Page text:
Editors Blog

Agent Paul S. Levine On: Copyright Basics

Editor’s note: I am declaring November 2010 to be “Agent Guest Column Month,” and therefore, every weekday, I will be posting a guest column by a literary agent. Day 5: Today’s guest agent is Paul S .Levine of The Paul S. Levine Literary Agency.

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Copyright protects the expression of an idea, not the idea itself. For example, the idea of a play or movie where a boy meets a girl, but both sets of parents are against the boy and the girl “getting together” (think “Romeo and Juliet,” but also think “West Side Story”) is not protected by copyright (or by anything else for that matter).

Paul S. Levine is the founder of
The Paul S. Levine Literary Agency.
He is
also a copyright lawyer.

 


If Shakespeare were alive at the time “West Side Story” was released, he could not have sued the studio or anyone else involved with the movie for copyright infringement, because all that was “taken” from his play is the basic idea of boy meets girl, both sets of parents don’t want anything further to happen. If, however, characters, plot, theme, lines of dialogue, settings, etc,, are “taken” from one work and incorporated in another, there might be a claim of copyright infringement.


Because copyright protects the expression of an idea and not the idea itself, book proposals are not protected by copyright—only the actual full-length manuscript of your nonfiction book (e,g. the actual methods for losing weight, and the way you tell people how to do so, and not merely the idea of eating a low-carbohydrate diet) is protected by copyright. So, don’t register your book proposal for copyright, because you’re not gaining anything by doing so. Wait until your manuscript is completely written, and then go ahead and register it for copyright. And remember that the publisher will register it again (on your behalf) once your book is actually published.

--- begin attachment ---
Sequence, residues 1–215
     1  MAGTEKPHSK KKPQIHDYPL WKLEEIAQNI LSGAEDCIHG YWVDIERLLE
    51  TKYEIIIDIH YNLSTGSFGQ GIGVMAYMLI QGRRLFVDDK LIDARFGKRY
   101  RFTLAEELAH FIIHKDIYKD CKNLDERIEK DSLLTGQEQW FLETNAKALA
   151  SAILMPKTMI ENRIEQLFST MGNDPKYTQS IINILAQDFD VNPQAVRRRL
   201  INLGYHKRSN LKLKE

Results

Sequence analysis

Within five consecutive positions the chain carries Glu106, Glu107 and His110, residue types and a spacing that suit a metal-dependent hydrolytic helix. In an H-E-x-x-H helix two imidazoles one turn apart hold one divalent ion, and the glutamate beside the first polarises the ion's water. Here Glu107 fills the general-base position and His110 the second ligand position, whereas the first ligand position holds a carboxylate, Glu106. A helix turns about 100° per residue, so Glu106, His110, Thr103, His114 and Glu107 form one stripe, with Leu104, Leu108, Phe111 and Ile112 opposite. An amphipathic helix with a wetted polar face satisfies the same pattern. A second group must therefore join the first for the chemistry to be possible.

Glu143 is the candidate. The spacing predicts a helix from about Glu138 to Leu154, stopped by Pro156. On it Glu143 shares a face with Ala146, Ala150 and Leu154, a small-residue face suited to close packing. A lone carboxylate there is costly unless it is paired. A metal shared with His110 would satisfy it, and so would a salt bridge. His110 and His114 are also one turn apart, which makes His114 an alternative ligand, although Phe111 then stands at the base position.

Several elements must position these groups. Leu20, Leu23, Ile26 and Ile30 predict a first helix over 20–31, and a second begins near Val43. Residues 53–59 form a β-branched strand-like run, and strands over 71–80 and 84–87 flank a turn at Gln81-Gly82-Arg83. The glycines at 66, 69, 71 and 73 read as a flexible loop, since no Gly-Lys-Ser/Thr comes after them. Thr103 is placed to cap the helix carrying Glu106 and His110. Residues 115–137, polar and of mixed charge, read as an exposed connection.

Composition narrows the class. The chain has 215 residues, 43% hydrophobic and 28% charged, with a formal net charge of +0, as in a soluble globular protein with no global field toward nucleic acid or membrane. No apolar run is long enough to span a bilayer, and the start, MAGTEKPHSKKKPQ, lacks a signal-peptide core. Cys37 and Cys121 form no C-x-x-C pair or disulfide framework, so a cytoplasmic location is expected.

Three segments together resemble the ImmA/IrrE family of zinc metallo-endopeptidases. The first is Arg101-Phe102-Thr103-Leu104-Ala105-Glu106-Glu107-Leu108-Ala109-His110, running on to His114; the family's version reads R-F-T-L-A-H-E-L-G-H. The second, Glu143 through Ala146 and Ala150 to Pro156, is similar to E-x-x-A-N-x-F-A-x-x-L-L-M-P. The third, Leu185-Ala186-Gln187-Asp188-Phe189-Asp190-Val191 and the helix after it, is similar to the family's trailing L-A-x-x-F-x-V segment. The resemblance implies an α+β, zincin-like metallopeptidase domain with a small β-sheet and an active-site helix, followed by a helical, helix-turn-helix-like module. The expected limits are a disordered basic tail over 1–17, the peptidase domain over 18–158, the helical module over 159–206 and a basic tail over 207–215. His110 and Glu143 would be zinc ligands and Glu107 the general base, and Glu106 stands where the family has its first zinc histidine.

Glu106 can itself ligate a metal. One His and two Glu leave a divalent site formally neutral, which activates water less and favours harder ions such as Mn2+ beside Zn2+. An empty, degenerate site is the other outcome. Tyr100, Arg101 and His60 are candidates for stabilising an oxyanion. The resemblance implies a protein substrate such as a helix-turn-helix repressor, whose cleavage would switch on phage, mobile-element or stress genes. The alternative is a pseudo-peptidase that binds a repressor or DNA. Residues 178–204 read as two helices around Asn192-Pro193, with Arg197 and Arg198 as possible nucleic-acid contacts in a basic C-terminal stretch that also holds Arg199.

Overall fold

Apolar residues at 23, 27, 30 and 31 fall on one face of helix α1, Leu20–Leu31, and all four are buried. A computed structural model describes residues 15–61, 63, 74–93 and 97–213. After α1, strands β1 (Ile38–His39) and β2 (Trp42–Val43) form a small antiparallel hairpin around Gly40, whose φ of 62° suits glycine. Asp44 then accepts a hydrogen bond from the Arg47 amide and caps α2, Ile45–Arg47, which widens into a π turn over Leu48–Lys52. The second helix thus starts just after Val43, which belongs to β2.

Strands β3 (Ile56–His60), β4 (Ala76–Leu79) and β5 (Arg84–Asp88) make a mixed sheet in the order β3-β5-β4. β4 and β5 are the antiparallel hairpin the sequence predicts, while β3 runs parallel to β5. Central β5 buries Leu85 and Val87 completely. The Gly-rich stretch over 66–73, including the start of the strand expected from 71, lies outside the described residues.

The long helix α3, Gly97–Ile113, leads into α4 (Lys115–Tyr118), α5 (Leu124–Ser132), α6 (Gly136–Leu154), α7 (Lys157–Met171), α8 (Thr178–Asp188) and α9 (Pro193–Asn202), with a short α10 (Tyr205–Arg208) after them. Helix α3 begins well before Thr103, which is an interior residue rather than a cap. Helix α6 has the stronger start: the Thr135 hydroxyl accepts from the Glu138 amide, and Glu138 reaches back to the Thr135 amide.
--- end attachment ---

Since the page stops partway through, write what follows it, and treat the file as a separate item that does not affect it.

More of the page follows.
A claim for copyright infringement must satisfy two essential “elements” – “access” and “substantial similarity.” The claimant must prove that the infringer had access to his or her worksometimes no easy task. The “chain of custody” doesn’t have to be direct, however; your giving your manuscript to your Aunt Martha for a quick read, who then decides to give it to her hairdresser, because she just “knows” how much she will enjoy it, who then gives it to … You get the idea. As long as every “link” in the “chain” is established, culminating with the infringer getting your manuscript so that he or she can rip it off, you have proven the element of “access.”

And, even if the claimant proves that infringer had access to the work, the claimant must also prove (i.e. make a judge or jury believe) that the infringing work is substantially (not just somewhat) similar to the claimant’s workthat whole scenes, lines of dialogue, characters and character description, etc., are “too close for comfort”that the similarities are so striking that it is virtually impossible to chalk it up to “mere coincidence.”


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